Respiratory sounds

Respiratory sounds refer to the specific sounds generated by the movement of air through the respiratory system. These may be easily audible or identified through auscultation of the respiratory system through the lung fields[1] with a stethoscope as well as from the spectral chacteristics of lung sounds.[2] These include normal breath sounds and adventitious or "added" sounds such as crackles, wheezes, pleural friction rubs, stertor, and stridor.

Respiratory sounds
Other namesBreath sounds, lung sounds
1) area for normal tracheal sound, 2) area for ascultation of upper lung fields, 3) area for normal bronchial sound. Blue marks ascultation area and red line marks heart.

Description and classification of the sounds usually involve auscultation of the inspiratory and expiratory phases of the breath cycle, noting both the pitch (typically described as low, medium or high) and intensity (soft, medium, loud or very loud) of the sounds heard.

Abnormal breath sounds

Common types of abnormal breath sounds include the following:[3]

Name Continuous/discontinuous Frequency/Pitch Inspiratory/expiratory Quality Associated conditions Example
Wheeze or rhonchi continuous high (wheeze) or lower (rhonchi) expiratory or inspiratory whistling/sibilant, musical Caused by narrowing of airways, such as in asthma, chronic obstructive pulmonary disease, foreign body.
Stridor continuous high either, mostly inspiratory whistling/sibilant, musical epiglottitis, foreign body, laryngeal oedema, croup
Inspiratory gasp continuous high inspiratory whoop pertussis (whooping cough) see New England Journal of Medicine, Classic Whooping Cough sound file, Supplement to the N Engl J Med 2004; 350:2023-2026
Crackles (aka crepitations or rales) discontinuous high (fine) or low (coarse), nonmusical inspiratory cracking/clicking/rattling pneumonia, pulmonary edema, tuberculosis, bronchitis
Pleural friction rub discontinuous low inspiratory and expiratory nonmusical, many repeated rhythmic sounds inflammation of lung linings, lung tumors not available
Hamman's sign (or Mediastinal crunch) discontinuous neither (heartbeat) crunching, rasping pneumomediastinum, pneumopericardium not available


  • Rales: Small clicking, bubbling, or rattling sounds in the lungs. They are heard when a person breathes in (inhales). They are believed to occur when air opens closed air spaces. Rales can be further described as moist, dry, fine, and coarse. This term is no longer much in use.
  • Rhonchi are coarse rattling respiratory sounds, usually caused by secretions in bronchial airways. The sounds resemble snoring. "Rhonchi" is the plural form of the singular word "rhonchus". Since the mid-1990s, it has no longer been considered appropriate terminology in auscultation of the thorax, as much confusion has been reported in the published literature which confuses this with crepitations and wheezes, so the exact nature of this term is unclear.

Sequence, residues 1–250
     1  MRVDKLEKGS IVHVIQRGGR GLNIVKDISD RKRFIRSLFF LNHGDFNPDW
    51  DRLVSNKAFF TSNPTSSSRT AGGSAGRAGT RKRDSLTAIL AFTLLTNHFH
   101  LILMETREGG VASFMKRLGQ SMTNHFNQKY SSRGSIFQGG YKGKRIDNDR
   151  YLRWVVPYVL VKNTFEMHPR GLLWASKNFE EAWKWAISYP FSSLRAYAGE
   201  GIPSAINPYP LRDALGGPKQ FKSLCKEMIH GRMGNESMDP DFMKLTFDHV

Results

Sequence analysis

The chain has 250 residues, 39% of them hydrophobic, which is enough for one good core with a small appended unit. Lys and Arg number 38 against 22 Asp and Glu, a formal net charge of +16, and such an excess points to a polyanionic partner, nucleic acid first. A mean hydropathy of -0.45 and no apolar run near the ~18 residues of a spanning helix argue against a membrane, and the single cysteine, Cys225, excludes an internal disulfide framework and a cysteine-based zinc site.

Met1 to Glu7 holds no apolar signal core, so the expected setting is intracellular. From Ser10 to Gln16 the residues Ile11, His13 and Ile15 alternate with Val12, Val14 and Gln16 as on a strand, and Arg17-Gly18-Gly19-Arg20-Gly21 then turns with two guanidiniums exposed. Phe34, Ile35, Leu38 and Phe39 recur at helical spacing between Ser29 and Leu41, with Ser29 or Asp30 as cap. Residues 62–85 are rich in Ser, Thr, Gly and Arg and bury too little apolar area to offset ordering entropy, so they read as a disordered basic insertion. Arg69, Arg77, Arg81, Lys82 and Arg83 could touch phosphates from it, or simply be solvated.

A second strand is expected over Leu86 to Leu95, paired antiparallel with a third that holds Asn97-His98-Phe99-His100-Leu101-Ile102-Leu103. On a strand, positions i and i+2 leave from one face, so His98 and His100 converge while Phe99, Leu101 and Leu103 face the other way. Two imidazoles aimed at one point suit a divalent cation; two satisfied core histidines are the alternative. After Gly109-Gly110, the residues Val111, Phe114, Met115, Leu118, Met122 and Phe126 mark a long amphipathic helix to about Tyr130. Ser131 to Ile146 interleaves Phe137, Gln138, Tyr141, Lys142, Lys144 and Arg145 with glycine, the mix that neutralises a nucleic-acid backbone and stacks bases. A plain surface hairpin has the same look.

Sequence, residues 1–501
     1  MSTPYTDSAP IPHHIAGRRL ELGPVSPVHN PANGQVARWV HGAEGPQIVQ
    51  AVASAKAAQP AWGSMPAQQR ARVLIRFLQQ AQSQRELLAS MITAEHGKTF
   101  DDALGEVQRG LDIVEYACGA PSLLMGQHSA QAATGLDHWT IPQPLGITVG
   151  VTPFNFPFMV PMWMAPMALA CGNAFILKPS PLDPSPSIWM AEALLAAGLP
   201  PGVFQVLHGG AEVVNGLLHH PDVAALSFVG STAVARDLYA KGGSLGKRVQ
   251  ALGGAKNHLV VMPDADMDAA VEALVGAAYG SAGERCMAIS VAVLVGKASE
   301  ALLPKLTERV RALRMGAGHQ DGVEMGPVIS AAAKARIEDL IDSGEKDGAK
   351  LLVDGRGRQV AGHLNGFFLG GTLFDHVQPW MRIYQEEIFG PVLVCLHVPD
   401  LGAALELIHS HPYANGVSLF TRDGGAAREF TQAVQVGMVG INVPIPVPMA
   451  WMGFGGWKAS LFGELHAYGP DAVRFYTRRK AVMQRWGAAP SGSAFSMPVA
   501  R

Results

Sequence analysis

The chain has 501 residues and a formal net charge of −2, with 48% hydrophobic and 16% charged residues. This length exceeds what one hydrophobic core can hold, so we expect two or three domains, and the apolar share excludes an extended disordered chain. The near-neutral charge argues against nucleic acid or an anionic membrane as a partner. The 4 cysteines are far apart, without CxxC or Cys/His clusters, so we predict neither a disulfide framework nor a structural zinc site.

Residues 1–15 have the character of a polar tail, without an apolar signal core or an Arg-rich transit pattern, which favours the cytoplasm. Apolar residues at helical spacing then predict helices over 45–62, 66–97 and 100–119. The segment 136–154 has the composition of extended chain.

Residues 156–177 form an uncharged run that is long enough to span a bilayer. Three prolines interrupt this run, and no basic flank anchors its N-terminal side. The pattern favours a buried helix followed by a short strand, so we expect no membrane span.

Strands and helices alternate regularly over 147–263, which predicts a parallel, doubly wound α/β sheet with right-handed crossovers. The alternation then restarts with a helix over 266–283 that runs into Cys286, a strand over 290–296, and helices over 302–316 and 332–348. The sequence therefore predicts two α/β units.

• Stridor: Wheeze-like sound heard when a person breathes. Usually it is due to a blockage of airflow in the windpipe (trachea) or in the back of the throat.
  • Wheezing: High-pitched sounds produced by narrowed airways. They are most often heard when a person breathes out (exhales). Wheezing and other abnormal sounds can sometimes be heard without a stethoscope.[4]

Other tests of auscultation

Pectoriloquy, egophony and bronchophony are tests of auscultation. For example, in whispered pectoriloquy the person being examined whispers - typically a two syllable number as the clinician listens over the lung fields. The whisper is not normally heard over the lungs, but if heard may be indicative of pulmonary consolidation in that area. This is because sound travels differently through denser (fluid or solid) media than the air that should normally be predominant in lung tissue. In egophony, the person being examined continually speaks the English long-sound "E" (/i/). The lungs are usually air filled, but if there is an abnormal solid component due to infection, fluid, or tumor, the higher frequencies of the "E" sound will be diminished. This changes the sound produced, from a long "E" sound to a long "A" sound (//).


In 1957, Robertson and Coope proposed the two main categories of adventitious (added) lung sounds. Those categories were "Continuous" and "Interrupted" (or non-continuous).[5] In 1976, the International Lung Sound Association simplified the sub-categories as follows:

Wheezes (>400 Hz)
Rhonchi (<200 Hz)
Fine crackles
Coarse crackles[6][7]

Several sources will also refer to "medium" crackles, as a crackling sound that seems to fall between the coarse and fine crackles. Crackles are defined as discrete sounds that last less than 250 ms, while the continuous sounds (rhonchi and wheezes) last approximately 250 ms. Rhonchi are usually caused by a stricture or blockage in the upper airway. These are different from stridor.


  1. Respiratory+sounds at the US National Library of Medicine Medical Subject Headings (MeSH)
  2. Sengupta, Nandini; Sahidullah, Md; Saha, Goutam (August 2016). "Lung sound classification using cepstral-based statistical features". Computers in Biology and Medicine. 75 (1): 118–129. doi:10.1016/j.compbiomed.2016.05.013. PMID 27286184.
  3. Bohadana, Abraham (February 20, 2014). "Fundamentals of Lung Auscultation". New England Journal of Medicine. 370 (8): 744–751. doi:10.1056/NEJMra1302901. PMID 24552321.
  4. "Breath sounds: Medline Plus". NIH. Retrieved 5 May 2015.
  5. Robertson, A (1957). "Rales, rhonchi, and Laennec". Lancet. 2 (6992): 417–23. doi:10.1016/S0140-6736(57)92359-0. PMID 13464086.
  6. American Thoracic Society Ad Hoc Committee on Pulmonary Nomenclature (1977). "Updated nomenclature for membership reaction". ATS News (3): 5–6.
  7. Loudon, R; Murphy, R (1984). "Lung Sounds". Am Rev Respir Dis.

Mansy, H.A., Royston, T.J., Balk, R.A. et al. Med. Biol. Eng. Comput. (2002) 40: 526.

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